tack

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tack

in Scots property law, another word for LEASE.
Collins Dictionary of Law © W.J. Stewart, 2006

TACK, Scotch law. A contract of location by which the use of land, or any other immovable subject, is, set to the lessee or tacksman for a certain yearly rent, either in money, the fruits of tho ground, or services. Ersk. Prin. Laws of Scot. B. 2, t. 6, n. 8; 1 Tho. Co. Litt. 209. This word is nearly synonymous with lease.

A Law Dictionary, Adapted to the Constitution and Laws of the United States. By John Bouvier. Published 1856.
References in classic literature ?
Dantes, though almost sure as to what course the vessel would take, had yet watched it anxiously until it tacked and stood towards him.
"Get down to brass tacks. I'm willing to take your word for it that there's a Copan valley in Honduras.
But, the succeeding fraction of a moment, so that Jerry, leaping, missed even the shadow of it, the mainsail, with a second crash of blocks on traveller, had swung across and filled on the other tack.
Still the Ghost tore along, till the boat dwindled to a speck, when Wolf Larsen's voice rang out in command and he went about on the starboard tack.
I was not a hundred yards from her when the wind came again in a clap; she filled on the port tack and was off again, stooping and skimming like a swallow.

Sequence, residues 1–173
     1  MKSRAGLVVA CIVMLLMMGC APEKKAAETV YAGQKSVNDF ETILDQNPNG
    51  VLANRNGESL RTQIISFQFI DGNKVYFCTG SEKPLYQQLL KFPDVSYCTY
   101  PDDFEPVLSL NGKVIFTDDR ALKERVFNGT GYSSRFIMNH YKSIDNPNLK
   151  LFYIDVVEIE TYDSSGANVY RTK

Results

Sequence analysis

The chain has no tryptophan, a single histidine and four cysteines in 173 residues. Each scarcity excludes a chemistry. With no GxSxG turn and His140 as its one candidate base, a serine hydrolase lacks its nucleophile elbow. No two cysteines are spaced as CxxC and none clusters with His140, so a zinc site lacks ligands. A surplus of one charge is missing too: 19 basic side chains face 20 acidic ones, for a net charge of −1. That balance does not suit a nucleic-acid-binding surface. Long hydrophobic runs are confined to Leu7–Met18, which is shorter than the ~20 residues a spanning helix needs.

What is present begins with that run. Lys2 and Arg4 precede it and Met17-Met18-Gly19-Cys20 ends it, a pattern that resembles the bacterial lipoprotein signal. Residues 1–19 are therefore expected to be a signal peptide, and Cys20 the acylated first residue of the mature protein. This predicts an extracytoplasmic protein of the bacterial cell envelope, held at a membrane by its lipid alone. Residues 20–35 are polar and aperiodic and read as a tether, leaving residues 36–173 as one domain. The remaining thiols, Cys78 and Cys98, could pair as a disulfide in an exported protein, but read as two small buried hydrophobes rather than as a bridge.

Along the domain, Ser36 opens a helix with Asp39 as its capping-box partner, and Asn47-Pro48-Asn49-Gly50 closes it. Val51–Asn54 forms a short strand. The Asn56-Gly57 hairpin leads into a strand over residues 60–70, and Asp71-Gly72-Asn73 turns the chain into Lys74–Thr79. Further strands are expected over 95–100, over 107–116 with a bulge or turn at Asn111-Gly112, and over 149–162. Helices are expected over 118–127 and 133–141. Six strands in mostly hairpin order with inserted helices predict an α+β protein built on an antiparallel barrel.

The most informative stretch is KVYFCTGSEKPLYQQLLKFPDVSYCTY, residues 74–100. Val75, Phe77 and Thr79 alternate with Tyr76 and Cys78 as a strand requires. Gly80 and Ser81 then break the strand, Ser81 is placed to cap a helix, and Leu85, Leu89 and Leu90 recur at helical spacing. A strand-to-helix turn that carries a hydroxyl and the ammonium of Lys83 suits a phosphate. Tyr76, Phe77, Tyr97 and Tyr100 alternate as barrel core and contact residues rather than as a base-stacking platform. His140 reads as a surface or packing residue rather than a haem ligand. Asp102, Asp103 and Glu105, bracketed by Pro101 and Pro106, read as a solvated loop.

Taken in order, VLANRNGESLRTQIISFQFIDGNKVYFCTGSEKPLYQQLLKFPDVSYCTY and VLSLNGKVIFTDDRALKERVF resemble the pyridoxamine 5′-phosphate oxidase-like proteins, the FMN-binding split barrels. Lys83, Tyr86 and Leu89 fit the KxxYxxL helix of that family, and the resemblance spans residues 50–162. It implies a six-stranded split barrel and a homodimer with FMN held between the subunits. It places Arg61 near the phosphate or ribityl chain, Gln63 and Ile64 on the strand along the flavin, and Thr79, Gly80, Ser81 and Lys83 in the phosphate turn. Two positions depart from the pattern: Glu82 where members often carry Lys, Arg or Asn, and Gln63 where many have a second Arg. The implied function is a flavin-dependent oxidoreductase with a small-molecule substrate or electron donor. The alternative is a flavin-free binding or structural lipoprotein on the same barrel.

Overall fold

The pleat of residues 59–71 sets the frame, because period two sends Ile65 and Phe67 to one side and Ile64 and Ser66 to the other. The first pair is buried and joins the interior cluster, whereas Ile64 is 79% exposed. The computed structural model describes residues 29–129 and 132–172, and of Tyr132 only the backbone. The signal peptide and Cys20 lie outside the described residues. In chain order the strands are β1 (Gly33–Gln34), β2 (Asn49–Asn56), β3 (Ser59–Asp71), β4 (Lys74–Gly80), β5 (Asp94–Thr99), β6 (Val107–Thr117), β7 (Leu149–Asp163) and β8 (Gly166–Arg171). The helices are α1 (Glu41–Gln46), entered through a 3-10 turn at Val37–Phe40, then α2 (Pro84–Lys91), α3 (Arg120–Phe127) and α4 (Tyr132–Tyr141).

We must tack within three arrow flights, or we may find a rock through our timbers.
"I fear that we can scarce bide upon this tack," cried Hawtayne; "and yet the other will drive us on the rocks."
Then they darted around her bow and began the row down her port side, and we tacked about, crossed her bow, and went plunging down the wind hot after them.
She stole a glance at Martin, who was busy putting the boat about on the other tack, and she could have hated him for having made her do an immodest and shameful thing.
Here, however, she thought she might have launched forth with safety; and the sagacious reader will not perhaps accuse her of want of sufficient forecast in so doing, but will rather admire with what wonderful celerity she tacked about, when she found herself steering a wrong course.
"You must have plenty of pilot-bread," she said--"`hard tack' they call it.
It was as if he had hit his fingers with a tack hammer at home.